In the first phase of our experiments, we tested which proportion of polystyrene and D-Limonene created the most functional glue. We discovered that more polystyrene increased the glue’s viscosity and decreased its drying time.
In the second phase, we added water to the solution to dilute the solution, which we found increased viscosity and decreased drying time. We tested different proportions of D-Limonene and water; the ideal proportion turned out to be half as much water as D-Limonene. Any more water than this increased the polystyrene’s dissolving time by a significant amount.
In the third phase, we added an emulsifier to thoroughly mix the water with the polystyrene and D-Limonene solution. After a few mishaps, we figured out the proper emulsifier for the solution, then added as much polystyrene into the solution as possible. Our final glue consisted of 2g polystyrene, 2ml water, 0.2g lecithin, and 4ml D-Limonene.
If this experiment were to be repeated, we would change little. We would add a strength test in every phase so we could find what each component does to the stickiness of the overall glue and modify the water tests so we could use three data points instead of just two. We would also research more about emulsifiers earlier on, as we had to abruptly change how we made our glue before phase 3, and test our glue against existing commercial products and under different weather conditions.
Overall, this project was a success. We found a way to produce glue out of polystyrene, supporting our hypothesis.
In the future, we hope to figure out the further industrial applications of the glue. We also wish to test if the combination of D-Limonene and polystyrene can produce any other solutions to reuse or recycle polystyrene. For example, midway through testing, we found that if a large portion of glue dries at certain concentrations, it produces a plastic, which could be used for other purposes.
Sindhu Bala (15): My interest in science developed as I watched documentaries, attended lectures, and read books when I was young. I took part in the St. Louis Science Fair every year in elementary school and competed in First Robotics from 3rd grade through middle school. I have also been part of Science Olympiad, Science Bowl, and H20/TED, a program about Missouri wildlife and conservation. In 2017, I attended Ecology Project International, a project in Yellowstone National Park where I studied wildlife behavior, and in college, I hope to study environmental science or biotechnology.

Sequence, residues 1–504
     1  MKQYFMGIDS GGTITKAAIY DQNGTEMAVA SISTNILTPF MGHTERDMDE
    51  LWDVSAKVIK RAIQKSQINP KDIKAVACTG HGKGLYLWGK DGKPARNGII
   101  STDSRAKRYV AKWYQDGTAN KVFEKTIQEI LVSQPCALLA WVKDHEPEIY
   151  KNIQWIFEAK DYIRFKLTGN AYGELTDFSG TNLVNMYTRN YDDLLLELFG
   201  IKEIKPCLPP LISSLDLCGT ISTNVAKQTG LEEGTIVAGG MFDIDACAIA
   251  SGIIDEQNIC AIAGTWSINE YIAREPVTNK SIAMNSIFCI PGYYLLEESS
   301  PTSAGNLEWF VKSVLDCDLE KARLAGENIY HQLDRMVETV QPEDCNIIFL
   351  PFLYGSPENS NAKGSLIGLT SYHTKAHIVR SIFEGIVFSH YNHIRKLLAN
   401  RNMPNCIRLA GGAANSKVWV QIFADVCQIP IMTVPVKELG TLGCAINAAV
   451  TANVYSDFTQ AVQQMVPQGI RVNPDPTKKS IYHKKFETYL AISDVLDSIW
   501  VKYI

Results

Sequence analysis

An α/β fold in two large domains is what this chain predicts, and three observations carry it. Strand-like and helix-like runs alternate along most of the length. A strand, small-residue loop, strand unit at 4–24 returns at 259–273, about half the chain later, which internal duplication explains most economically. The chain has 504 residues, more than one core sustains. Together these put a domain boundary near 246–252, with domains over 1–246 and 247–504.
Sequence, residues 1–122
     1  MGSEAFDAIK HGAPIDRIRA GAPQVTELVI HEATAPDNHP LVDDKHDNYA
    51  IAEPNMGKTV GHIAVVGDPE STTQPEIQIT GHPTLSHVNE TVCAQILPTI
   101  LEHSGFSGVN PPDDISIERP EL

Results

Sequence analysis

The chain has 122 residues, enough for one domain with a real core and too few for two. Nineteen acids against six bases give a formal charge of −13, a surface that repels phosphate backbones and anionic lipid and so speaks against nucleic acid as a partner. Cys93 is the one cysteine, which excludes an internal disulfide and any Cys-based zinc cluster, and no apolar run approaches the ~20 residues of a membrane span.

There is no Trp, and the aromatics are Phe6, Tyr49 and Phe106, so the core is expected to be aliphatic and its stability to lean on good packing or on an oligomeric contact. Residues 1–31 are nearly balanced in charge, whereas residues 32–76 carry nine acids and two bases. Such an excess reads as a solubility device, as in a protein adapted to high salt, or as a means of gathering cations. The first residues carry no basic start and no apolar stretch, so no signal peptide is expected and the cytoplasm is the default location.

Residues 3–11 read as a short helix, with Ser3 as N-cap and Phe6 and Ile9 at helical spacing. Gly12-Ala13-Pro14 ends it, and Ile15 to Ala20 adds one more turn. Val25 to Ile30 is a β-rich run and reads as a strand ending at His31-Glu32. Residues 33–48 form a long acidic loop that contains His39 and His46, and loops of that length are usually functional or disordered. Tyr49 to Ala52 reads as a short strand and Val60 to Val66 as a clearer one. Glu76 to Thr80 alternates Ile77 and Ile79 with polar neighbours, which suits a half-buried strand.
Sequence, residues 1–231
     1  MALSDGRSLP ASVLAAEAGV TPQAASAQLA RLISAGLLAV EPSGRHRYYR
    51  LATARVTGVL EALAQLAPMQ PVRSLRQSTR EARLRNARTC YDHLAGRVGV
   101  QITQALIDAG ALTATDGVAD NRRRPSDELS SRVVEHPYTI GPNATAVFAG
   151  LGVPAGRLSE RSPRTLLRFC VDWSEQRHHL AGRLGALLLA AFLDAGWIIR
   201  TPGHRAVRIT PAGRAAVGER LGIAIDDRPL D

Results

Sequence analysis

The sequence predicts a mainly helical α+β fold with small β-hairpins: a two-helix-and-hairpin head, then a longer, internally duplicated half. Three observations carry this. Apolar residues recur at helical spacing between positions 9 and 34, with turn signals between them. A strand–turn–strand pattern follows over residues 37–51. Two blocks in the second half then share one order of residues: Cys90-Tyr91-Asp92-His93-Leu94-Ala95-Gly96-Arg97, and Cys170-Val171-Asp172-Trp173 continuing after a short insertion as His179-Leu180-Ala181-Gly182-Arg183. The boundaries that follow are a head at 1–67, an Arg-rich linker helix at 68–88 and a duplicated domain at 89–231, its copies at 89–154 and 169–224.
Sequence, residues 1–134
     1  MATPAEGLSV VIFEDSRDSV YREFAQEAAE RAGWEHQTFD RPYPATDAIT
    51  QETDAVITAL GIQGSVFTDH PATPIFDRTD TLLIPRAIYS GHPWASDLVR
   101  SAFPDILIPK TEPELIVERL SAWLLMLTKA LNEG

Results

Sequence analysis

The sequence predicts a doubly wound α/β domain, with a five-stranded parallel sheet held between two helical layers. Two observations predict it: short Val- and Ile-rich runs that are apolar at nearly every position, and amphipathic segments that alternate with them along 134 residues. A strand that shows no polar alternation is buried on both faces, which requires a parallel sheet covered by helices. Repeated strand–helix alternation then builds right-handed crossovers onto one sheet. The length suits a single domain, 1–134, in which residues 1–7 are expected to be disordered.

Winning the science fair could give our project more visibility and attract the attention of the scientific community to make this a real, sustainable solution for polystyrene recycling.
Christina Yepez (16): By joining FIRST, For Inspiration and Recognition of Science and Technology, at a young age, I found that I enjoyed learning how different things were made and why. It teaches kids how to solve problems and work as a team. I am inspired by Dean Kamen founder of FIRST and Sylvia Acevedo Girl Scout CEO.
For college, I want to go to Duke or MIT nanoscience to learn how I can cure diseases. My goal is to research to find a cure for cancer since 3 of my grandparents have had cancer. Winning any prize would give me a hands-on feel for developing and presenting a project that is not just an idea but a solution.
Our experiments were conducted at Sindhu's house. We were very cautious throughout experimentation and while using the various chemicals, including the emulifiers and D-Limonene.
Before using any emulsifiers, we checked the safety guidelines, then adjusted experimentation methods to accommodate any hazards.
The D-Limonene was kept closed at all times to avoid deep inhalation.
Any solutions or emulsifiers were carefully labelled to avoid mishaps.
Contact Details of Adult Mentor
Name: Bharathi Raju
Cellphone Number: 636 236 5820
Home Phone Number: 636 527 5024
Email Address: email@example.com
Charles E. Frazier, Ph.D, Thomas M. Brooks Professor of Sustainable Biomaterials, Director of Wood-Based Composites Center, Virginia Tech
Dr. Frazier helped us understand how a research project should be conducted, and told us the importance of negative results. He also taught us some of the chemistry behind adhesives.
Marcus Foston, Ph.D, Assistant Professor, Department of Energy, Environmental & Chemical Engineering, Washington University in St.Louis.
Dr. Foston, a polymer chemists, gave us access to relevant articles from the Washington University Library. He also provided valuable feedback for our project.
Sindhu’s mom aided us in some of the experimentation, acting as another pair of hands in the lab. She also provided supervision to ensure the research remained safe and provided the materials for the various experiments.
Daniel Dougherty, Physical Science and Chemistry Teacher at Lindbergh High School
Mr. Dougherty provided certain materials for the experiment.
Megan Roegner, Gifted Resource and English Teacher at Lindbergh High School
Mrs. Roegner supervised the experimentation we did at school and provided feedback for the english side of the project.